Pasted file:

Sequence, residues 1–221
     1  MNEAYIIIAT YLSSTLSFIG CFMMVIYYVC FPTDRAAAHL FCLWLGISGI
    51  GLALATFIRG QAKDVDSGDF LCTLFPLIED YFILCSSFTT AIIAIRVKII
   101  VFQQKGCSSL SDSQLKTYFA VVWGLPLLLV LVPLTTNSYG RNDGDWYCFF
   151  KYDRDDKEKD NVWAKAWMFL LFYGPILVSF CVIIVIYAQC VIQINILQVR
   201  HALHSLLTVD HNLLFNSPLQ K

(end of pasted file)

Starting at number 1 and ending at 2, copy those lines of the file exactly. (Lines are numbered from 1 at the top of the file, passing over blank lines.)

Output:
Sequence, residues 1–221
     1  MNEAYIIIAT YLSSTLSFIG CFMMVIYYVC FPTDRAAAHL FCLWLGISGI